So, the next time someone with a conservative outlook talks about “snowflakes” being “triggered”, perhaps it would be a good time to suggest they try a double feature of Oldboy and Requiem for a Dream and see if they think these films should having something more extensive than an R rating for “for strong violence including scenes of torture, sexuality and pervasive language” or “intense depiction of drug addiction, graphic sexuality, strong language and some violence”, respectively.

See also: The reaction to Isabel Fall’s short story, “I Sexually Identify as an Attack Helicopter.”

Add Phone-Free Walking to Your Day

“Find a way to add phone-free walking to your daily schedule. Make it non-negotiable. Make it easy. Skip a bus ride from your house to the station. Get off a station earlier on the way to work. Use 30 minutes of your lunch break to walk to a far-off cafe. The important thing is to leave the phone off the body. It can be in a backpack, that’s fine. Keep it out of easy reach. Even better: keep it at home. I don’t know if the lightness will register for you, but it does for me. Phone, no phone, two entirely separate universes. Like starting the day with the internet on or off. A totally different quality of time and thinking. For me, the phone removed or reduced to a simple tool brings me back to the walks, and in being brought back to the walks I remember the floating consciousness, and from that, if I’m lucky, a dollop of grace.”

—Craig Mod, “Responses to SMSs Part 4.” Ridgeline. January 28, 2020.

Also, “all the best tricks to life seem to sound reductive and dumb when you say them out loud.”

OKIDO Magazine

“OKIDO’s philosophy is a simple one: every child is a creative scientist.

The OKIDO world immerses young children in a spectrum of playful activities and media, all intelligently designed by science and education experts. 

Whether watching the TV show ‘Messy goes to OKIDO’, engaging in family events and school workshops, or reading high quality publications and products, OKIDO children learn through play.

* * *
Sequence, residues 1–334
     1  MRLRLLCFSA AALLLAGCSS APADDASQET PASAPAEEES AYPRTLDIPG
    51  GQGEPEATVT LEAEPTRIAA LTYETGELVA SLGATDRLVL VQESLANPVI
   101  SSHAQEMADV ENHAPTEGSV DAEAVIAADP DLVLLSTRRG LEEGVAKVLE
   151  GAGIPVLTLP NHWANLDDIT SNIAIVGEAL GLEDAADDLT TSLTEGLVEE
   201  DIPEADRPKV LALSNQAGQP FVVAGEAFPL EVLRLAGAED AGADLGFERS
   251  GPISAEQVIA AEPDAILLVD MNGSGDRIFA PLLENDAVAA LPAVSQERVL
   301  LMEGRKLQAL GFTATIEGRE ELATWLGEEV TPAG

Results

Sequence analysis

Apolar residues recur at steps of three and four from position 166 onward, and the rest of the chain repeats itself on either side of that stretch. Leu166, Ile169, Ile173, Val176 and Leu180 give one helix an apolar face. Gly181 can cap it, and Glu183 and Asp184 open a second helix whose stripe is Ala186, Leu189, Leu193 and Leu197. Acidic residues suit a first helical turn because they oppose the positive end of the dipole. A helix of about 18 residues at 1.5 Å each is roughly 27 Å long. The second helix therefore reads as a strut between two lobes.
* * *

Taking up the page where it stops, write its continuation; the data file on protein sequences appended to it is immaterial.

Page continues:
At the heart of it all lies STEAM learning (that’s science, technology, engineering, the arts and mathematics). Everything in the OKIDO world is designed by science and education experts to encourage collaboration, curiosity, exploration, discovery, creativity and critical thinking.

WHERE DID IT ALL START?

Messy grew up on the pages of OKIDO Magazine. An independent publication started by parents from a kitchen table in Brixton in 2007, it was designed to fire up young imaginations and spark a life-long love of art and science. Today its founders, scientist Dr Sophie Dauvois (PhD BSc PG Dip.) and artist Rachel Ortas, are still every bit as passionate about engaging young kids in the scientific world around them using play, art and fun.

FOR WHO? EVERYONE, OF COURSE!

OKIDO’s fun and games are for all genders. The OKIDO world is a stereotype-free zone, because we believe in promoting equality for all children.

OKIDO

The Internet of Beefs

“We are not beefing endlessly because we do not desire peace or because we do not know how to engineer peace. We are beefing because we no longer know who we are, each of us individually, and collectively as a species. Knight and mook alike are faced with the terrifying possibility that if there is no history in the future, there is nobody in particular to be once the beefing stops.

And the only way to reboot history is to figure out new beings to be. Because that’s ultimately what beefing is about: a way to avoid being, without allowing time itself to end.

Venkatesh Rao, “The Internet of Beefs.” ribbonfarm.com. January 16, 2020.

I found this to be a very interesting touchstone for understanding the cultural moment.

Xenobots | Living Robots

“Researchers in the US have created the first living machines by assembling cells from African clawed frogs into tiny robots that move around under their own steam…’They are living, programmable organisms.’…Their unique features mean that future versions of the robots might be deployed to clean up microplastic pollution in the oceans, locate and digest toxic materials, deliver drugs in the body or remove plaque from artery walls, the scientists say.”

—Ian Sample, “Researchers foresee myriad benefits for humanity, but also acknowledge ethical issues.” The Guardian. January 13, 2020.

What could possibly go wrong? Also: xenobots.